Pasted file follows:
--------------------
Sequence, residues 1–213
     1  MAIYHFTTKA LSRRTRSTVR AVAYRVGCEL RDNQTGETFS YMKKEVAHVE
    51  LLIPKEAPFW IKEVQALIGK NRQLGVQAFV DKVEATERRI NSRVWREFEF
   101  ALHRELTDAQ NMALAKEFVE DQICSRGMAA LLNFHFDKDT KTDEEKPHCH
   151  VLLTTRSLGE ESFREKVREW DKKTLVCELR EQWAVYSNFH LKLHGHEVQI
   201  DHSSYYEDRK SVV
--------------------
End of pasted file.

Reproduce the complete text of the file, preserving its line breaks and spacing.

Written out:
Sequence, residues 1–213
     1  MAIYHFTTKA LSRRTRSTVR AVAYRVGCEL RDNQTGETFS YMKKEVAHVE
    51  LLIPKEAPFW IKEVQALIGK NRQLGVQAFV DKVEATERRI NSRVWREFEF
   101  ALHRELTDAQ NMALAKEFVE DQICSRGMAA LLNFHFDKDT KTDEEKPHCH
   151  VLLTTRSLGE ESFREKVREW DKKTLVCELR EQWAVYSNFH LKLHGHEVQI
   201  DHSSYYEDRK SVV